Researchers at the University of Illinois have made a breakthrough in developing a genetic control system for the damaging weeds which has the potential to dispense with chemical, physical, cultural, and biological control strategies to reduce weed populations.
Next-generation CRISPR-based gene drive supports genetic editing with selective precision [Full subscriber]
New CRISPR-based gene drives and broader active genetics technologies are revolutionizing the way scientists engineer the transfer of specific traits from one generation to another.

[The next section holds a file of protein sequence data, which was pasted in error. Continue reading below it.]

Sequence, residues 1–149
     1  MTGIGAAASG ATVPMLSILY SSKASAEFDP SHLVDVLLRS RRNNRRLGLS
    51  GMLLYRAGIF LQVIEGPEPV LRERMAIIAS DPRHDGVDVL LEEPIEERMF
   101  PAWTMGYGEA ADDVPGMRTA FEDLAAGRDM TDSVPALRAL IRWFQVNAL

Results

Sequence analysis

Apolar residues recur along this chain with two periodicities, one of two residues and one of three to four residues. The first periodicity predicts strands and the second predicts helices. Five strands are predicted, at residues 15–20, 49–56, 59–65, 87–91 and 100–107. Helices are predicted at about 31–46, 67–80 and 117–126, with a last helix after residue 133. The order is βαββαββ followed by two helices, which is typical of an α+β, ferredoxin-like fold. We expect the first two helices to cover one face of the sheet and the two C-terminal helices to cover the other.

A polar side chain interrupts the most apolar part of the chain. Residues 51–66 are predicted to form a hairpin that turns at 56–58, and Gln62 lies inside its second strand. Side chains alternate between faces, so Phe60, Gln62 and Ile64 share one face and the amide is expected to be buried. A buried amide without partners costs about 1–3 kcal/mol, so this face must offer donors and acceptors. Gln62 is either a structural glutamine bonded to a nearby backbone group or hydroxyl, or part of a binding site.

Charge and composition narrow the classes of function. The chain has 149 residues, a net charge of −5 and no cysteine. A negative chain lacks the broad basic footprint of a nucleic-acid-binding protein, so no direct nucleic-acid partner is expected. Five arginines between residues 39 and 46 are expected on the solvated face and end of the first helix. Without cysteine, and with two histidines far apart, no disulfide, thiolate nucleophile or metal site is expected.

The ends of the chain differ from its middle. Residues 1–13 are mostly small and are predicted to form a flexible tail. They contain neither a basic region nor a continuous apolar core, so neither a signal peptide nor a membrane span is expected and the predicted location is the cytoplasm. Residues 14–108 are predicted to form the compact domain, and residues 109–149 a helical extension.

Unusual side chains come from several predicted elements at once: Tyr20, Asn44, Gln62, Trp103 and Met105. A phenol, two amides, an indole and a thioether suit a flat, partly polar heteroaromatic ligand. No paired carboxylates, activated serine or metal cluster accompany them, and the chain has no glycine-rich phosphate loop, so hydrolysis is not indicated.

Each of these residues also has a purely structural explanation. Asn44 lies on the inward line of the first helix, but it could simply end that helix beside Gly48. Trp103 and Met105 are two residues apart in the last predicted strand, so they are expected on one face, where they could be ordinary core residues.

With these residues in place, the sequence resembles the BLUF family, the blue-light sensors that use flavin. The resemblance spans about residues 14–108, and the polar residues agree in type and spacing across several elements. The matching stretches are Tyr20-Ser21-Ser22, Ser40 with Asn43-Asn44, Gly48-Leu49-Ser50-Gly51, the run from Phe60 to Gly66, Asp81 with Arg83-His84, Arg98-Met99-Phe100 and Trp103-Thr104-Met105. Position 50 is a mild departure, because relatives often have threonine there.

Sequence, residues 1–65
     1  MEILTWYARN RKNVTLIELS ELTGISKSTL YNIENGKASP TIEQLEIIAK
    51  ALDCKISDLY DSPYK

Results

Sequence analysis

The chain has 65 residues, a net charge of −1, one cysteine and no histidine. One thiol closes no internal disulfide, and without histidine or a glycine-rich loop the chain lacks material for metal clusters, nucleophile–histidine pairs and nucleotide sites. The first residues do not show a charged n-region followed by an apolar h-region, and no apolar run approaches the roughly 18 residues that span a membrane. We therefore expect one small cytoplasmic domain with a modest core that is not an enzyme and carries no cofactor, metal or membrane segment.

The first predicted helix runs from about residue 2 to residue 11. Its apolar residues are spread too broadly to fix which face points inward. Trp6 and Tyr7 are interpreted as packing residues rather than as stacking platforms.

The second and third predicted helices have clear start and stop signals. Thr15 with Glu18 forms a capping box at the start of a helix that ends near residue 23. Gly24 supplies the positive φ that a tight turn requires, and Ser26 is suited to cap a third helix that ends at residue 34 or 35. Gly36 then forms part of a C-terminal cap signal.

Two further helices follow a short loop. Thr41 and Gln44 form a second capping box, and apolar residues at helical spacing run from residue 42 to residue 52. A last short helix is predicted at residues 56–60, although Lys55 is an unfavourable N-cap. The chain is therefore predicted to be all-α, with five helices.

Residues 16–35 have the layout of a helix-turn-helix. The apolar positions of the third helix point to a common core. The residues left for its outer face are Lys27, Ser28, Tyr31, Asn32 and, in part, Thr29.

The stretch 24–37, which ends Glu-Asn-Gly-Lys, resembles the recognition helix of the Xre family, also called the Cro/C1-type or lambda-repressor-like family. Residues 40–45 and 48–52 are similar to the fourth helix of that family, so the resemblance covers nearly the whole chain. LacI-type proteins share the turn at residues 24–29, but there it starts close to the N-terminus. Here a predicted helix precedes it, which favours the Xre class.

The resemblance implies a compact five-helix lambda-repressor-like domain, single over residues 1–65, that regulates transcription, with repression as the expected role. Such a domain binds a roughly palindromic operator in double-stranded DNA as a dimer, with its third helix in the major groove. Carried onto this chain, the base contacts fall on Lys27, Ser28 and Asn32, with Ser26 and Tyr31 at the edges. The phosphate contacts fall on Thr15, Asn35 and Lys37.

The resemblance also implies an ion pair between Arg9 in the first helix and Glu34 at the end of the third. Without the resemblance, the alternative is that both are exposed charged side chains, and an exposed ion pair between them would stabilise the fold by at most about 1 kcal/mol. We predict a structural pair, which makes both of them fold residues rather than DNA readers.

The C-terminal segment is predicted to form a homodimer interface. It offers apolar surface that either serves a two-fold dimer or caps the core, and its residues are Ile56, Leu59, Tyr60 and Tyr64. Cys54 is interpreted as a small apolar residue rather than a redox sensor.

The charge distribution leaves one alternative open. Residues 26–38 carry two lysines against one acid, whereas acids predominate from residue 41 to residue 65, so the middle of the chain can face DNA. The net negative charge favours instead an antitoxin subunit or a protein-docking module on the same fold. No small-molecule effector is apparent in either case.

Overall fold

Scientists at the University of California (UC) San Diego and UC Berkeley have developed a new approach to controlling disease-carrying or crop-destroying insects that uses CRISPR-Cas9-based genome editing to determine insect sex and fertility. The new technology, developed initially in fruit flies as a test case, represents a new take on sterile insect techniques (SITs) that have been used since the 1930s to mass produce and release sterile males as a strategy for eradicating insect populations.